This minimalist piece doesn't really work for me - but I don't want Helen to stop trying.





Larry Paulsen


Some might call this drawing unfinished - but everything feels just about right to me.




Clayton Beck







Love this area of detail.

 


Clayton Beck



The P&C used to have property up near Fox Lake where we could paint models outdoors.

We gave the property up during the Great Depression -- but some of us are still  painting figures in landscapes.








 














Ed Wentz


A swinging vision of the Grand Canal.  That looks like Santa Maria Della Salute in the background.





Steven Assael





A bit more poignant with this severe cropping.


 


 

Monday, January 12, 2015

The Soulful Subjects of Mary Qian




I stumbled upon these three paintings by Mary at Ann Nathan Gallery yesterday, and it occurred to me that this was a good time to write a brief panegyric on her behalf.

First -- because these paintings were outstanding.  Denser, somehow,  than her earlier work that I've seen at the club over the past 10 years.

And second -- because I fear that Mary may never get a retrospective - or even a solo show - here in Chicago in the foreseeable future. So I may as well just write about her now.

 Her work just doesn't have much in common with what this gallery, or any other Chicago gallery, can sell and therefore show in contemporary figurative art.  And even less in common with  galleries elsewhere that specialize in  popular realism and Western Art.

I don't know whether Mary is a woman of faith -- but she paints like she's living in the 16th-17th Century, when faith was a matter of life-and-death, and the great painters, like Titian, Rembrandt, El Greco,  and Velasquez felt compelled to reveal human souls.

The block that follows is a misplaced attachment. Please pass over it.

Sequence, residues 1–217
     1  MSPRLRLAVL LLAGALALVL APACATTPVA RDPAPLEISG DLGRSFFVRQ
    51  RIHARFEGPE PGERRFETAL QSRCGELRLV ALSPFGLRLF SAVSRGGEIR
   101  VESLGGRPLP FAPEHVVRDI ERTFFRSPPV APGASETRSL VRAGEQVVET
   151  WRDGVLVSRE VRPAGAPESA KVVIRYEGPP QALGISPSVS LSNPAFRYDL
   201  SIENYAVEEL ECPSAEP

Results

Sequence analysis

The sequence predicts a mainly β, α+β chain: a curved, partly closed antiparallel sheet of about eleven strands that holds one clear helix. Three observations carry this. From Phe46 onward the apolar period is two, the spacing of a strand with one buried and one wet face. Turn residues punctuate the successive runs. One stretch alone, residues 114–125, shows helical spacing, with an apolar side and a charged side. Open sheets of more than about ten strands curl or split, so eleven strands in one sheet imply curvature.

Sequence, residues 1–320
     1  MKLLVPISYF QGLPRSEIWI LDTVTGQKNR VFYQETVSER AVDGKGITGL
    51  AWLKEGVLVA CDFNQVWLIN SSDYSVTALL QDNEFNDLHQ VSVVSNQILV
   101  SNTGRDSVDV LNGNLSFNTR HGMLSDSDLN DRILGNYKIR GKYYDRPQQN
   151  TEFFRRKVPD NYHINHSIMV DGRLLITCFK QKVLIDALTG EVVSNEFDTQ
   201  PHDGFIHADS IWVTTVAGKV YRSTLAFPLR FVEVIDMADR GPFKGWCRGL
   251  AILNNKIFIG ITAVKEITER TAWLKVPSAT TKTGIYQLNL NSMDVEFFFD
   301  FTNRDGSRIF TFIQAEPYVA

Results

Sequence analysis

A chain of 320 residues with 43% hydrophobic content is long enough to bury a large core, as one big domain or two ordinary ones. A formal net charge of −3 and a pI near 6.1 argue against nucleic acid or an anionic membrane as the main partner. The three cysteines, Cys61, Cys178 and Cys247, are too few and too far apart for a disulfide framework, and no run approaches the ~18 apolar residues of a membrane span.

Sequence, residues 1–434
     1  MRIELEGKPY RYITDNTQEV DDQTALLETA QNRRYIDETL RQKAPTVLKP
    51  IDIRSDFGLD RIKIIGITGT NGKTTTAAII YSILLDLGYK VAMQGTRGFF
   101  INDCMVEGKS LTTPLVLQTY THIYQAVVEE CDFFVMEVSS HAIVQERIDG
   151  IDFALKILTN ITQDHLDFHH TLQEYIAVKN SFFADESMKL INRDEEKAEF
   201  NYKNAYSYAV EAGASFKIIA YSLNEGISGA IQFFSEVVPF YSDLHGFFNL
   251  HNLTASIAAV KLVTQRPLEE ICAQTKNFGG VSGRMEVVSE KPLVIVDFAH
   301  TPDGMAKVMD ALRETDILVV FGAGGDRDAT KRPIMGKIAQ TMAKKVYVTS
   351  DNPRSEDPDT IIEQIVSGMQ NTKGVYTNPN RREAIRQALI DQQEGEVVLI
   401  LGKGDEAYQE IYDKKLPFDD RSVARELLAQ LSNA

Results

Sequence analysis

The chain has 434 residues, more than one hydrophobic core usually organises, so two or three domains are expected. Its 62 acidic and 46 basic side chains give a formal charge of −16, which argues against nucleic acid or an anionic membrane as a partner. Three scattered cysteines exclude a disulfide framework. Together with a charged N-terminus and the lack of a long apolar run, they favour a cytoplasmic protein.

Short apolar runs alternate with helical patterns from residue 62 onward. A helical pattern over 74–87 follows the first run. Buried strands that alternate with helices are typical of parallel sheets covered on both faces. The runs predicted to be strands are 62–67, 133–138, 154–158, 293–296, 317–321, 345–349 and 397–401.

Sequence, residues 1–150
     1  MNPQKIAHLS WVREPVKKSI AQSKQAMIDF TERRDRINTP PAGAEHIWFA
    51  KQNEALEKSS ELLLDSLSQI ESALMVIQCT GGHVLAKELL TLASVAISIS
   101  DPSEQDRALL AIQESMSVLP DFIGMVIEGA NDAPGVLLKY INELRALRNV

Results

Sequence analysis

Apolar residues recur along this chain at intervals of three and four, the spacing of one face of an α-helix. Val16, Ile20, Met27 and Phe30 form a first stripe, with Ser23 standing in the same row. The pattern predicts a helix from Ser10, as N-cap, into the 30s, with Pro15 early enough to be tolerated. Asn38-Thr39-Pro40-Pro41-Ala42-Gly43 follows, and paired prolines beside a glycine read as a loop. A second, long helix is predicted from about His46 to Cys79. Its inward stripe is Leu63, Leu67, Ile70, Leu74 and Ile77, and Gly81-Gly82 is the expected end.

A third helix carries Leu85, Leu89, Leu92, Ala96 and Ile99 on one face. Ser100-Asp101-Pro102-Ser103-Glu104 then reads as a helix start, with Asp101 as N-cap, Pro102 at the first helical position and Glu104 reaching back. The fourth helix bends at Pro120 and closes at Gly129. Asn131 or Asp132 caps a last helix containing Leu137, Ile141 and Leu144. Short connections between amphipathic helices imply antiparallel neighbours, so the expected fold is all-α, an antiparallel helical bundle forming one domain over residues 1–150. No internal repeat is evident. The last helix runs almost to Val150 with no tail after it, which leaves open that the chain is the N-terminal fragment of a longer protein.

That's what Mary does : she reveals the soul of her subjects -- as if it still really mattered.  You almost want to weep as you feel the drama in the characters that she is depicting.  The despair - the tenacity - the idealism -  the sorrow - the confusion - the destiny.













































This kind of painting has great technical challenges  because it's not just about self expression. And as everyone knows, Mary is a fanatic for techniques.  She always wants to learn one more. But  obviously, for her, techniques are the means, not the ends.

Someday, this kind of painting will probably  be considered  as contemporary as it was 400 years ago because it's subject will always be compelling.

But for now, it's made,  shown, and appreciated at the margins of the contemporary art world.

Friday, January 02, 2015

New Years Drawing Marathon 2015





Here's a shadowy self-portrait by Del Hall, official Academy photographer, as wanders through the studios during the drawing  marathons, recording the activity within.

Though each and every artist is  not recorded -- and often the same familiar faces re-appear year after year - he does provide the best documentation these events will ever have.























Arturo Vera







Bernard Beneteau





Beth Kordick





Bill Harbinson





Brian Kotwica





Chris Miller





Christopher Sontheimer





Eileen Fergusen





Eva Tupa





Henry Maron





Henry McAlevy





Iaos-Daphne Hoouasnia





John Youssi





Joseph Gruber





Junad Rizki




Larry Paulsen





Lee Radtke





Lena Crumbaugh





Madison Stubbs





Marion Berg





Mary Beth Bellon





Maureen Warren





Ned Waith





Pat Bruchin





Phyllis Brodny





Ralph Paquet





Randall Mathais





Rong Liang





Sandy Kowerko





Scott Moore





Stuart Fullerton





 







Timothy Kloss





Vince Lisnic





Xiao Dong